CRIMINALLY GOOD: interview with author Su Bristow

1) So, who are you & what have you written?

 My name is Su Bristow, and my debut novel, Sealskin, has just been released by Orenda Books. It’s a retelling of the Scottish legend of the selkies, or seals who can turn into human beings, and what happens when a young fisherman witnesses this. It’s not a crime novel in the usual sense, although a crime is certainly committed that has very far-reaching consequences!

I’ve also written two books on herbal medicine – I am a consultant medical herbalist by profession – and one on relationship skills, co-written with psychotherapist Malcolm Stern. Check out my website HERE and follow me on  Twitter as @SuBristow.

2) Why do you write fiction?

Actually, I was writing fiction and making up stories long before I started writing non-fiction. One of my special studies at university was ethnomedicine, and it showed me that what people do to heal themselves when they have only the natural resources around them, is to make up stories. We all do it all the time, even when we think we’re making sense of the world. In fact, the more interesting question might be ‘why do some people think that they don’t make things up?’

3) What informs your writing? 

I’m particularly interested in the stories we’ve made up along the way about the natural and the supernatural worlds that under and overlie our own. They have a lot to tell us about ourselves and our preoccupations. All the ‘big’ stories, the legends that keep on being told and retold, tackle some of the major human questions: about life and death, right and wrong, love and conflict. And by clothing these big questions in metaphors, they add a layer of meaning that’s not purely fanciful. It speaks to our sense of wonder, our spirituality if you like.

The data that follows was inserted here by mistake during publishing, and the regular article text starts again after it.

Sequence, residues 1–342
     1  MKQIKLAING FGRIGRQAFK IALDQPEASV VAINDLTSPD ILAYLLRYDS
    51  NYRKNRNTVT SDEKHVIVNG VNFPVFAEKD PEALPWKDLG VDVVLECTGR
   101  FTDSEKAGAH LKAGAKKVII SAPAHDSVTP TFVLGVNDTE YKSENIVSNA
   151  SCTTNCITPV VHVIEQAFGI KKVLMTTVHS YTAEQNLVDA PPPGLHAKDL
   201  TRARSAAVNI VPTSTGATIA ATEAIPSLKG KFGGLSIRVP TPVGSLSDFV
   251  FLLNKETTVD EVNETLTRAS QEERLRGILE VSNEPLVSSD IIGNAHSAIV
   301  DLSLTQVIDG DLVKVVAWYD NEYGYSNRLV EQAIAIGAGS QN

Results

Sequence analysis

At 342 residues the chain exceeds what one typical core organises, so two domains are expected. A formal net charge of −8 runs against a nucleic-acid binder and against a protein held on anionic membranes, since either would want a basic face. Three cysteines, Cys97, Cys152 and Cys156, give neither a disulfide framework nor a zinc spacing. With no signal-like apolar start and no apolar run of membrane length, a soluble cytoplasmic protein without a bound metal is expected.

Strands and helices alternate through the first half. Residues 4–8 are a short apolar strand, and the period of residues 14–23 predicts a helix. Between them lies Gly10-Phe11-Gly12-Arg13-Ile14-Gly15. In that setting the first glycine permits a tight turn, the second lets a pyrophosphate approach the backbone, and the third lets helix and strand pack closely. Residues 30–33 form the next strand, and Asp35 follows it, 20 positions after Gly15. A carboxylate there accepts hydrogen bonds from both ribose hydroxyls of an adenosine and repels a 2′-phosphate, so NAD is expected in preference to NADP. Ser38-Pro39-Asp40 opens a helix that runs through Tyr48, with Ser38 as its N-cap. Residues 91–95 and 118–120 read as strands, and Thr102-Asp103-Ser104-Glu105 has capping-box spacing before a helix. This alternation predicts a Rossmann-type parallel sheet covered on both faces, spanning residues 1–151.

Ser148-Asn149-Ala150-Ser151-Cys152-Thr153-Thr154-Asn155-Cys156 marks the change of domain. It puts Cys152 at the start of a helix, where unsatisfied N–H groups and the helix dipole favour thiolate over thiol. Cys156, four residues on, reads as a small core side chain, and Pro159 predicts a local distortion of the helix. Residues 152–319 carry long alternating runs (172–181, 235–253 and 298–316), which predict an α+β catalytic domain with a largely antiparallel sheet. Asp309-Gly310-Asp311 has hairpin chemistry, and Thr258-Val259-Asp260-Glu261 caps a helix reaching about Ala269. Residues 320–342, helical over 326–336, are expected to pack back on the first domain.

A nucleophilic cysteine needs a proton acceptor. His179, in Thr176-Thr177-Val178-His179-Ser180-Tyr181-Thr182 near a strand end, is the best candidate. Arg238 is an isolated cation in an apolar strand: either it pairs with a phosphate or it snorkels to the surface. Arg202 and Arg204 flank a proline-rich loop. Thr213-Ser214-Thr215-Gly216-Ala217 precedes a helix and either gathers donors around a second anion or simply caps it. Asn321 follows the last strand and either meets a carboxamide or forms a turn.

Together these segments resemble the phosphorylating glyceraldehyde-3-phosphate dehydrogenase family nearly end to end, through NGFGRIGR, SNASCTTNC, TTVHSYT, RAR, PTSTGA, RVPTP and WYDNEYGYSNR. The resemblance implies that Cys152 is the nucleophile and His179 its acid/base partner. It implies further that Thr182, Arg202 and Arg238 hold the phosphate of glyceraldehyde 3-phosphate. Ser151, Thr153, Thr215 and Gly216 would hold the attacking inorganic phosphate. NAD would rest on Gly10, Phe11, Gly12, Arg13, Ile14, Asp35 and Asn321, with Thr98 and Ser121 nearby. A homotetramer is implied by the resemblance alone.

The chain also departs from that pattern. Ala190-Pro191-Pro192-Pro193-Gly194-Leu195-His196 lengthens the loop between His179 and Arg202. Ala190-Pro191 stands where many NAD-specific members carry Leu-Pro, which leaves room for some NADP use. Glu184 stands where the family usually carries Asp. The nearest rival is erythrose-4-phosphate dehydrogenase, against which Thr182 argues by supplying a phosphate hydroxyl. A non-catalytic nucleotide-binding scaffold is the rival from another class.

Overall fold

4) What’s your usual writing routine?

Routine?? If only! Writing has to fit around other things, especially the demands of my herbal practice. It happens when I have time. But I do belong to a couple of writing groups, and it’s helpful to know that there are people expecting to see some words.

5) Which book do you wish YOU’D written, and why?

It’s very difficult to choose! And it’s not quite the same as books you really like, because part of the joy in those is that sense of touching minds with someone else, someone who takes you further than you would have been able to go on your own. Books like that might include The Lacuna by Barbara Kingsolver, or All The Light We Cannot See by Anthony Doerr.

That said, I think the book I think I’d most like to have written would be the Earthsea trilogy by Ursula le Guin. I love the style of her writing, the internal coherence of the world of Earthsea, the philosophy that underpins it, the stories themselves, the characters … Need I go on?

If I had to choose a crime writer whose writing I’d like to emulate, I think it would be PD James. For me, character development is at least as important as plot, and she does this very well indeed, even with quite minor characters. And there’s a powerful melancholy in all of her novels, a sense of the terrible havoc that crimes wreak in people’s lives, that makes them feel more real than a lot of other crime novels I’ve read.

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